Internet access became essential after COVID-19 hit.
With video-chat apps largely replacing face-to-face interactions, and in-person services and businesses retreating behind the safety of screens, everyday life became unfathomably difficult to navigate for those without reliable internet access.
That changing reality got one graduate student at the University of Washington thinking.
Esther Jang had spent time building cell towers in the Philippines to provide internet access to remote areas. She wondered, why not try the same thing in underserved areas in Seattle?
“This really kicked into gear because of the pandemic,” Jang said. “All of the sudden people were realizing internet access was like a utility — it’s something people couldn’t do without.”
A City of Seattle report from 2018 found that 88 percent of Seattle residents had fixed broadband Internet access at home. But Jang says research on that topic usually raises more questions than answers. Who has a home, for example, and what truly counts as reliable internet access? What happens if someone misses a monthly payment —especially during the high economic uncertainty of the pandemic?
“All of these problems kind of came to the surface,” she said.
Jang wanted to build something like NYC Mesh, a nonprofit that relies on volunteers to provide internet access via towers in New York City. She spoke to Kurtis Heimerl, who co-directs the Information and Communication Technology for Development Lab at the UW. The ICTD Lab studies the application of technology for poverty alleviation.
“Esther said, ‘I want to do everything we were doing in the Philippines, but I want to do it in Seattle,’ ” Heimerl recalled.
They hatched a plan, which grew into Seattle Community Network, an internet service provider powered by volunteers and partners. It is funded by the City of Seattle, the Public Interest Technology University
Network, the National Science Foundation, and individual donors.
Building the collaborative network hasn’t been without obstacles — not the least of which was Seattle’s proliferation of hills and buildings.
Seattle’s urban topography — carved by ancient glaciers as much as skyscrapers — is one of cellular wireless’ biggest foes, Jang said. In short, things tend to get in the way. A tall building can block a signal, and a hill or valley can mean lost coverage.
Even so, Seattle Community Network now operates six LTE-based towers around the Seattle area — including one at Franklin High School — with a seventh in the works in Tacoma. Coverage for each tower ranges from blocks to miles, depending on location.
While the project continues to seek new sites for towers to expand coverage, the focus right now is on building a network of volunteers and partners that can help educate potential users on how to access the free service.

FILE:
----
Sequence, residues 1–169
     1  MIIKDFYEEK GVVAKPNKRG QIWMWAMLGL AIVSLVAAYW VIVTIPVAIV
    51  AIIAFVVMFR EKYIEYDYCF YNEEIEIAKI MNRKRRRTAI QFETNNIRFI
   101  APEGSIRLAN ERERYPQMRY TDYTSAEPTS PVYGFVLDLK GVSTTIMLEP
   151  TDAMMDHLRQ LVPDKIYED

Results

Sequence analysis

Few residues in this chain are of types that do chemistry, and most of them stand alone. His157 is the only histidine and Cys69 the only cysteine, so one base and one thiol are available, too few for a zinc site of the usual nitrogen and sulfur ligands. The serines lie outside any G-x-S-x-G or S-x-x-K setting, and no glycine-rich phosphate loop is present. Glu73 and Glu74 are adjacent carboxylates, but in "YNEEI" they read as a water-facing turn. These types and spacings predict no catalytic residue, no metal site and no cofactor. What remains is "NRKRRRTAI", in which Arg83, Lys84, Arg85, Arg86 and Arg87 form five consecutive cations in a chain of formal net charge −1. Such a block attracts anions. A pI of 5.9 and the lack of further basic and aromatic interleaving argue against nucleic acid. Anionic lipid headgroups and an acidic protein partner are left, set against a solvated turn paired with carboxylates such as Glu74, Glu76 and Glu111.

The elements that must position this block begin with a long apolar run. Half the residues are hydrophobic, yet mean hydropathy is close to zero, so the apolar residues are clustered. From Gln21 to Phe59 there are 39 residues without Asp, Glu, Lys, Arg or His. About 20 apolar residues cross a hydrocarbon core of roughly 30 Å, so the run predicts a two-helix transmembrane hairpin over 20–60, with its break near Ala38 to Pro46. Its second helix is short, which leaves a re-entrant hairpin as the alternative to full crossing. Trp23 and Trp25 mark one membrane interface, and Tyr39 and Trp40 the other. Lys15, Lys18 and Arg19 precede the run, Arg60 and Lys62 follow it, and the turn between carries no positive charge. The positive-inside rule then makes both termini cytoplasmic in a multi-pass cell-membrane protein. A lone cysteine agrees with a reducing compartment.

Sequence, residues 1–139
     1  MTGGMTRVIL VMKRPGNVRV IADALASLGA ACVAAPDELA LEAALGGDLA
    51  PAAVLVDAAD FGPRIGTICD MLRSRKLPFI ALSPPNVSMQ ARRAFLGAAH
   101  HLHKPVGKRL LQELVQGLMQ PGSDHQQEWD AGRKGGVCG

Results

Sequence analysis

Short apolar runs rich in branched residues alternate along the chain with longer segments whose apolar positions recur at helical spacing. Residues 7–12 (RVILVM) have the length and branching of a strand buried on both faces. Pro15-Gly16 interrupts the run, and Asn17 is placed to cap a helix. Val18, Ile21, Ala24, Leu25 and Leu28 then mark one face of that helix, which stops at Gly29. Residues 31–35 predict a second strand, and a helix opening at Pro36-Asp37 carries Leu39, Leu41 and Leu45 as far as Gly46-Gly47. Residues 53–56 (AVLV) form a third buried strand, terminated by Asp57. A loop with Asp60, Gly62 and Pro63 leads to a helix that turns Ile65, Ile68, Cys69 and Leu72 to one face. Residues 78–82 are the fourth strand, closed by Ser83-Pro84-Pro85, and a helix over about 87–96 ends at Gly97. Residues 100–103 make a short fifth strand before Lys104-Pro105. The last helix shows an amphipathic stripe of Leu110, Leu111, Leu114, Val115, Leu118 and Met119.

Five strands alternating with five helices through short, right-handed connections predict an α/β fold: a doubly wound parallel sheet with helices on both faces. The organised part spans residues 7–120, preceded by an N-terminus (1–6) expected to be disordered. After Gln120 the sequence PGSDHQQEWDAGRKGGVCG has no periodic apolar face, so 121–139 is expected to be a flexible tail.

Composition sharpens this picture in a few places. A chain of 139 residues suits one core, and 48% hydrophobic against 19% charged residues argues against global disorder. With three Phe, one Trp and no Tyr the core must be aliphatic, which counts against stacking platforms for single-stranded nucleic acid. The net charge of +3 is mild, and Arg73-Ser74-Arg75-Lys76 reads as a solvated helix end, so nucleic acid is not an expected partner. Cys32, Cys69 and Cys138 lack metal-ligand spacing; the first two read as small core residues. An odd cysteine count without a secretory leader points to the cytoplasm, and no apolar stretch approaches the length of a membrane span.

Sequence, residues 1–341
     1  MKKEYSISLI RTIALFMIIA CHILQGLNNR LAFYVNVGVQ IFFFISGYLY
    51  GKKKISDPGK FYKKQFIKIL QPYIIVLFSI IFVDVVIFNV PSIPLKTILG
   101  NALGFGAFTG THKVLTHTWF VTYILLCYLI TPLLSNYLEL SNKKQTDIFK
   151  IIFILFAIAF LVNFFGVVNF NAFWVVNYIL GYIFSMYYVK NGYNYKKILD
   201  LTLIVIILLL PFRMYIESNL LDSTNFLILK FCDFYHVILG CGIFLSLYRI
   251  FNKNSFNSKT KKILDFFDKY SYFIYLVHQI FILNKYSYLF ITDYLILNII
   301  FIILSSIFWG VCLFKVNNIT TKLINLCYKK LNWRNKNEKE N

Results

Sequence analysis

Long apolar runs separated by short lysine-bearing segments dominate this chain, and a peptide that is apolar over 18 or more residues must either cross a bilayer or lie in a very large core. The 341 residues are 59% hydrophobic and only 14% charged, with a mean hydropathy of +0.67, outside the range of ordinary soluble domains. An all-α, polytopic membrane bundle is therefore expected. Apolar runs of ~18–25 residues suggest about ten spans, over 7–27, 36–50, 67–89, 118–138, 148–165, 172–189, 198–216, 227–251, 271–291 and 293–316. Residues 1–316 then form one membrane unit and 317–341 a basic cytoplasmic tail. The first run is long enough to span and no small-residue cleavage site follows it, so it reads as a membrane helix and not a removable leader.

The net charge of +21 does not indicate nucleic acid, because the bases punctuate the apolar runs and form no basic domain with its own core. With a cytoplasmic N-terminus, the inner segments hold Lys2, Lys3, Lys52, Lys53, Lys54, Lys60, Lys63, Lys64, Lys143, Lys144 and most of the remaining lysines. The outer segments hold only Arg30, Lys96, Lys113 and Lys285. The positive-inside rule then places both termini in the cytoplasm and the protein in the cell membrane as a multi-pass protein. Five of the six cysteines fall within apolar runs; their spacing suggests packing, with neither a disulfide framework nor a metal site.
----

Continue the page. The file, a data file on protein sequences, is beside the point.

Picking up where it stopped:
“It’s really hard to get the word out to people,” Jang said. “You can blast something on Facebook, but if they’re not on the internet, it’s less likely they’re going to see that.”
So far, the strategy has been to partner with community organizations — including the King County Library System, the Black Brilliance Project, and Filipino Community of Seattle — who help spread the word.
“Our model really is working with a whole bunch of partner organizations and supporting them in providing connectivity,” Heimerl said.
He added: “At the end of the day, the core idea is running a cellular network, really creating infrastructure in the way T-Mobile and Verizon do. Taking that idea and trying to get it down to the level of these organizations that have the social capacity to engage with these populations, but not the technical capacity.”
Seattle Community Network is currently seeking individual volunteers who have skills related to community building, teaching, and technology, as well as people who have hands-on experience building things and wiring electronic devices.
“We definitely need people with technical experience, networking and IT are most helpful, but also people who like to build things,” Jang said. “Even people who have wired their house, who have some electrical skills, or just straight-up software engineers.”
She said building community around internet access for all has been one of the most rewarding aspects of the project, and she hopes to find more like-minded people who can donate their time and skills to the cause.
“I honestly think that one of the most rewarding things about this project is just the people,” Jang said.